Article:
BV (Bacterial Vaginosis)

Bacterial infections

BV (Bacterial Vaginosis)

Bacteria Vaginosis – What is it?

Bacterial Vaginosis (BV) is a common infection, only affecting women, in which he balance of bacteria inside the vagina becomes disrupted.  It does not usually cause any vaginal soreness or itching, but it often causes unusual vaginal discharge. Women with BV may notice that their discharge may:

  • develop a strong fishy smell, particularly after sexual intercourse
  • become a white or grey colour
  • become thin and watery

There are also a number of other factors that can increase the risk of developing BV, including using scented soaps or bubble baths, having an intrauterine device (IUD) fitted and using vaginal deodorant. BV is more common in women who use a coil for contraception and those who perform vaginal douching (cleaning out the vagina).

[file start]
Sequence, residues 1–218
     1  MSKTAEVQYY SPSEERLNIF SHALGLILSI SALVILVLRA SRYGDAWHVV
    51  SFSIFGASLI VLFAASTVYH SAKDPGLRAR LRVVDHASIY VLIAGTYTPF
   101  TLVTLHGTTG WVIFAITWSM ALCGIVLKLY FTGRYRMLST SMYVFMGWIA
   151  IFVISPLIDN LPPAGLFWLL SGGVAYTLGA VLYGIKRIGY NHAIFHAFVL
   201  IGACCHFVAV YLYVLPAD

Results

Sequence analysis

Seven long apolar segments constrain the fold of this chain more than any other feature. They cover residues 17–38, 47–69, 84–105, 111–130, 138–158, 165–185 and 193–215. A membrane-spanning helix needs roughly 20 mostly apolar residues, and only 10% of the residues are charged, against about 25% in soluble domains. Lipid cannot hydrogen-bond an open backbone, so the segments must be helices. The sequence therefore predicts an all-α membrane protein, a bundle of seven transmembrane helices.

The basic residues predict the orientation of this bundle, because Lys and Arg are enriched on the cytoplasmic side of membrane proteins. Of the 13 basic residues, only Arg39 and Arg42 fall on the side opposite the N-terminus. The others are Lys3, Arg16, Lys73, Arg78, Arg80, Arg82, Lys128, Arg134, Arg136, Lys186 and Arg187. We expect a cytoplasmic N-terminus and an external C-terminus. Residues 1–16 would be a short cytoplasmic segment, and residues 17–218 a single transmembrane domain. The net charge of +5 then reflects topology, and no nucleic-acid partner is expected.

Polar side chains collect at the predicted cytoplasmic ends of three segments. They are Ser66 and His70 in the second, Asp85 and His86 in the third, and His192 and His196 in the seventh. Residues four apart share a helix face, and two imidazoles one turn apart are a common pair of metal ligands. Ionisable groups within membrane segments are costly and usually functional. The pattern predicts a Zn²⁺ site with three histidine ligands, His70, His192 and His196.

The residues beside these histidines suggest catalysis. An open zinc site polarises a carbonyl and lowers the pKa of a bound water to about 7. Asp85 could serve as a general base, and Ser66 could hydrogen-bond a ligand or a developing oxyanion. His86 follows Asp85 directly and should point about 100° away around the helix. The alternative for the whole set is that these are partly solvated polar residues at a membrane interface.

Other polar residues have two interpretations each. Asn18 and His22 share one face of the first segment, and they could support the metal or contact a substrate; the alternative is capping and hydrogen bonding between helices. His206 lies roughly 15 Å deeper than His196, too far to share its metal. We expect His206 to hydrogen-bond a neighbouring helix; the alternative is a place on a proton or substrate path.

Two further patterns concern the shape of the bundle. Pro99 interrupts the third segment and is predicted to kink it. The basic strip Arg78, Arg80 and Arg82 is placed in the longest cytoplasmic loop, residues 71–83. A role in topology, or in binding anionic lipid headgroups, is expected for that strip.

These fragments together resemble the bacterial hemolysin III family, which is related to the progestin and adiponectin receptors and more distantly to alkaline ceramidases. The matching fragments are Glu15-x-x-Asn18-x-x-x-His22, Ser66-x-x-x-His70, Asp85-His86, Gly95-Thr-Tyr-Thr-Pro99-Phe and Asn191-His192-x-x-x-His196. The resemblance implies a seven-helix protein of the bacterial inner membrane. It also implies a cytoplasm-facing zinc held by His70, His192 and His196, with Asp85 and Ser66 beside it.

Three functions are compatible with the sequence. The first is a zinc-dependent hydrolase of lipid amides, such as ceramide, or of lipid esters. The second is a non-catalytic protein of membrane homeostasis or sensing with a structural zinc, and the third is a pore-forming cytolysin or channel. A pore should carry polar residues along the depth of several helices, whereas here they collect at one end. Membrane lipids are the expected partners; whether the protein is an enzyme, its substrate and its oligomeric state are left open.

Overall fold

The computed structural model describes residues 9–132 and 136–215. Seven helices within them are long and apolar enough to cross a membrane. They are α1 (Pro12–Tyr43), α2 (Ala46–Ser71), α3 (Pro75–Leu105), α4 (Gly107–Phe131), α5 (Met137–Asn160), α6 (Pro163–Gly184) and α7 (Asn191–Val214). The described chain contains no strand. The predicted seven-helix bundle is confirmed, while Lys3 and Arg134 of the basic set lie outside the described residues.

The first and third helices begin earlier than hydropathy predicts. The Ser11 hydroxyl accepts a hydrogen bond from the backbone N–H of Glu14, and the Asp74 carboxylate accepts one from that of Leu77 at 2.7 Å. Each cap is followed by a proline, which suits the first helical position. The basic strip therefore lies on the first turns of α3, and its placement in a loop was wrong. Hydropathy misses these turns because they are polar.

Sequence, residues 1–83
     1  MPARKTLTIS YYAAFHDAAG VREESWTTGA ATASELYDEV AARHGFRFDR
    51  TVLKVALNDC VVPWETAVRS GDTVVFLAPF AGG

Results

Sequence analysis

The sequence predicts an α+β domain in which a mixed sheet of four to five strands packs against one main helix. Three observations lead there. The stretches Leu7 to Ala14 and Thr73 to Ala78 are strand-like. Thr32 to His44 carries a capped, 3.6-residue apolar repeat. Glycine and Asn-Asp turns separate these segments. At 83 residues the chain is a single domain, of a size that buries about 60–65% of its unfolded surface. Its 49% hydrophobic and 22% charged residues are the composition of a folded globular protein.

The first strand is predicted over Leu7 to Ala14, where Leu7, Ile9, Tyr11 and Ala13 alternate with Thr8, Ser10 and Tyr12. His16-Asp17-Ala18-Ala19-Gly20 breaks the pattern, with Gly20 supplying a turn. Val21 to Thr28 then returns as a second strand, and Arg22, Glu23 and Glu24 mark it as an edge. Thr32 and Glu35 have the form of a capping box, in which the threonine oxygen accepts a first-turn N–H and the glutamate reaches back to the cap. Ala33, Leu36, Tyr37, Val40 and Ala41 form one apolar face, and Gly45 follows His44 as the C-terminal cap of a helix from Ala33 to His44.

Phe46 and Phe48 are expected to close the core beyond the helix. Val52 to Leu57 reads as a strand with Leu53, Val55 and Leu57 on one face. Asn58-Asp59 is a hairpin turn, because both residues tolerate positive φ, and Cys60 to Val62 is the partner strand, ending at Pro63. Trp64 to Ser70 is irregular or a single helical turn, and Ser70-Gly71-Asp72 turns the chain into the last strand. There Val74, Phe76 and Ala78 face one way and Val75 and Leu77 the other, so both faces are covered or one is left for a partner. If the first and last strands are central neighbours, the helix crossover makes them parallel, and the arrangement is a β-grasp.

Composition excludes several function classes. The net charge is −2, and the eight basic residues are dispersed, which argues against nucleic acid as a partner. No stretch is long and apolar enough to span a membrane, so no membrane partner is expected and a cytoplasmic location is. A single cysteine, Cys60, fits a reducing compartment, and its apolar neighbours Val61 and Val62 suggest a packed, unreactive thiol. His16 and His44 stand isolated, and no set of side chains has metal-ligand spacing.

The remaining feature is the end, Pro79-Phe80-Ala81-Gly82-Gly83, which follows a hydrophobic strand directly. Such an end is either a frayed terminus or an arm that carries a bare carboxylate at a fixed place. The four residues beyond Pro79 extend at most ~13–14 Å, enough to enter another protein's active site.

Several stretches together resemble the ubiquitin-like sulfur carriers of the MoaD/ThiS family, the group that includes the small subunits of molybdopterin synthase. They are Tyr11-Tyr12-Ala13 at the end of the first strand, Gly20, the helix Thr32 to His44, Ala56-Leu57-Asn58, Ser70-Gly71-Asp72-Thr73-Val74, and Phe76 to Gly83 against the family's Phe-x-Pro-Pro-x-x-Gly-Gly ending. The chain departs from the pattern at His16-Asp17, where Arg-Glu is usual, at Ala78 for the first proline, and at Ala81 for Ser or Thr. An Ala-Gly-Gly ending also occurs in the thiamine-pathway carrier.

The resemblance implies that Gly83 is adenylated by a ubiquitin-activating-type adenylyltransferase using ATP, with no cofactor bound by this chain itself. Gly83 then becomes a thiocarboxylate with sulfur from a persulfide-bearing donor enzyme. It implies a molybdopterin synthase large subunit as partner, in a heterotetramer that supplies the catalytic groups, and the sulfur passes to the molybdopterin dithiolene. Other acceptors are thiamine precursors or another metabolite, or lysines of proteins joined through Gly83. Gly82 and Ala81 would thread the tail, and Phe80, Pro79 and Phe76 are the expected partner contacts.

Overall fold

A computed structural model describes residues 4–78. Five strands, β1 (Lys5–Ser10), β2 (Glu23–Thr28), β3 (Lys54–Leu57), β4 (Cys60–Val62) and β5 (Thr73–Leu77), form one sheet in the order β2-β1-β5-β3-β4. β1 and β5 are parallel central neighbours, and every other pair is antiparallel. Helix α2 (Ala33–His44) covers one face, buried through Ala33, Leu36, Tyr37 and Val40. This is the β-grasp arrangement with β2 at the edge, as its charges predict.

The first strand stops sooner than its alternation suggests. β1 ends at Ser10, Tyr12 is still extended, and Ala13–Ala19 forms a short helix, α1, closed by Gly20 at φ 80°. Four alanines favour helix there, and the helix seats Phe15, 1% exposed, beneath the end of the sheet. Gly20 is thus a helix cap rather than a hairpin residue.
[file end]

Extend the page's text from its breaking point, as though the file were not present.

BV can usually be successfully treated using a short course of antibiotic tablets or an antibiotic gel that you apply inside your vagina. BV is not serious for the vast majority of women, although it may be a concern if symptoms of BV develop in pregnancy.

BV can also clear up with no treatment at all.

It is common for BV to recur and more than half of women successfully treated with BV will find their symptoms return, usually within three months. Women who experience repeated episodes of BV in a short space of time may need a referral for further investigation and treatment.

Women with BV may be able to pass the condition to other women they have sex with.